Vaccine Refusal and Pharmaceutical Acquiescence: Parental Control and Ambivalence in Managing Children's Health. By: Reich, Jennifer A. American Sociological Review. Feb2020, Vol. 85 Issue 1, p106-127. 22p. 1 Chart.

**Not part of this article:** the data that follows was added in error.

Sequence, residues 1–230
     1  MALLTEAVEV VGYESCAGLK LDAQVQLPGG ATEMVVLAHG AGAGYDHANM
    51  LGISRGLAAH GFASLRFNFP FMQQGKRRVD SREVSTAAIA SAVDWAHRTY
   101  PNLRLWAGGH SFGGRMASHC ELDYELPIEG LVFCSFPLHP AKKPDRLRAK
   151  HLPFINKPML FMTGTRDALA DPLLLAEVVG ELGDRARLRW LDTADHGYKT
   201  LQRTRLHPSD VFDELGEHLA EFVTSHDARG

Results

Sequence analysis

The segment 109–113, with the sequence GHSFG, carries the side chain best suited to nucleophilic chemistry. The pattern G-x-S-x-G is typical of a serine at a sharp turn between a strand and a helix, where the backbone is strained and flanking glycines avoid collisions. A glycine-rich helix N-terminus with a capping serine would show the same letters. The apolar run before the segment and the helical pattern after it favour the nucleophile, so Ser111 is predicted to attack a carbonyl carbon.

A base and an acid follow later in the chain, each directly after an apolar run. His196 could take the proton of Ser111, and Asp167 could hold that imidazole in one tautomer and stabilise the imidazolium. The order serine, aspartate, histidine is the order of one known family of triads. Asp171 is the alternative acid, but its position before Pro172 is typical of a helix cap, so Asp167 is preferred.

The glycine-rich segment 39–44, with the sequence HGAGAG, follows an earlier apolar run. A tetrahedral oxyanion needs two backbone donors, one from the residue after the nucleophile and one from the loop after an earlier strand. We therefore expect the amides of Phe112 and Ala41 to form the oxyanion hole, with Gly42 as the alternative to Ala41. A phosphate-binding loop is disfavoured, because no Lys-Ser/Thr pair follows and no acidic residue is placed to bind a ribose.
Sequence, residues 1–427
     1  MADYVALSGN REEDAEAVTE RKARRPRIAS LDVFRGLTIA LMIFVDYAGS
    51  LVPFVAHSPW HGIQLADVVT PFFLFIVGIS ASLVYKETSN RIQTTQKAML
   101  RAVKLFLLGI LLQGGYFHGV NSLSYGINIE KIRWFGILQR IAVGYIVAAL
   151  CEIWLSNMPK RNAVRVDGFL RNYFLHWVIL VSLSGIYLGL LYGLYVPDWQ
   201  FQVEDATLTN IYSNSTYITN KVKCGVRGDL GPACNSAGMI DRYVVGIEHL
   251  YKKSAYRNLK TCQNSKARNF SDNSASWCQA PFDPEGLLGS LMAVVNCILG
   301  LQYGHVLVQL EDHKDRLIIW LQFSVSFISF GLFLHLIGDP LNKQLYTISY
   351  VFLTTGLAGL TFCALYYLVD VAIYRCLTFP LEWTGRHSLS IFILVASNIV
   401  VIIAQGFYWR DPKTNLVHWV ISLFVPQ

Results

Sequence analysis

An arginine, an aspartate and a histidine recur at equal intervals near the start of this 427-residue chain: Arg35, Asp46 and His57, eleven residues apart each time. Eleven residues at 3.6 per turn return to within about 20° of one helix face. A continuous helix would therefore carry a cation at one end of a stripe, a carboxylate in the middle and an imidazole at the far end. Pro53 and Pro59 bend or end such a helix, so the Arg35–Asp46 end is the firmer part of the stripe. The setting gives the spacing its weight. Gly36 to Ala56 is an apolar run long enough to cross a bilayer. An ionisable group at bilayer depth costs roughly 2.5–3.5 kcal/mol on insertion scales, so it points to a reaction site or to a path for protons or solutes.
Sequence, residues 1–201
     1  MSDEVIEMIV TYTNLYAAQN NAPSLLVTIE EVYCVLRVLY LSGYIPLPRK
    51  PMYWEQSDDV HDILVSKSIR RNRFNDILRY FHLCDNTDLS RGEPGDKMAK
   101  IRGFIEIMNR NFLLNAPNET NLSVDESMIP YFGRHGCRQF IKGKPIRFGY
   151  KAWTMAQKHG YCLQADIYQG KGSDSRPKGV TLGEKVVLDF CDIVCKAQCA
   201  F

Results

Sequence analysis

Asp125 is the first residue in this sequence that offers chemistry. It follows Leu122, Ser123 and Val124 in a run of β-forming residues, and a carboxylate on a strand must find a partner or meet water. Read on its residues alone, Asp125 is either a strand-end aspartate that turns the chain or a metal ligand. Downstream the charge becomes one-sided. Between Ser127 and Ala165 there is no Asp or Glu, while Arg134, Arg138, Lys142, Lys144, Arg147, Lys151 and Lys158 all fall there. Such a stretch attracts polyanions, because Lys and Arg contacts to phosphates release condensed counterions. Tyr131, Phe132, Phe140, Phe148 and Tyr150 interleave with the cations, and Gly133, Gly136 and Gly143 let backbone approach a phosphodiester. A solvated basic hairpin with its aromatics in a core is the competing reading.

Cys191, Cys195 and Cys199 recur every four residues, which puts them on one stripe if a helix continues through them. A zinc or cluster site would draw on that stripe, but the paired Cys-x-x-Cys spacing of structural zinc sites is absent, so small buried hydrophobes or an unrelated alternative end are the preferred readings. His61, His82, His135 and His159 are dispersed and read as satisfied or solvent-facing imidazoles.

Parents who confidently reject vaccines and other forms of medical intervention often seek out pediatric care, medical treatments, and prescription medications for their children in ways that seem to contradict these views. Drawing on in-depth interviews with 34 parents who rejected some or all vaccines for their children, this article examines the strategies they use to pharmaceutically manage their children’s health, even when espousing a larger rejection of pharmaceutical interventions like childhood vaccines. Rather than treating decision-making as solely an internal process, this article shows how medication use results from individual, interactional, and institutional contexts, with different mechanisms of encouragement and enforcement. Using three illustrative cases, I show how parents manage ambivalence, which allows them to accept medication for their children as a tool to be deployed as deemed necessary in particular contexts while at the same time communicating their rejection of it. I conclude with suggestions for how to engage parents around healthcare decision-making.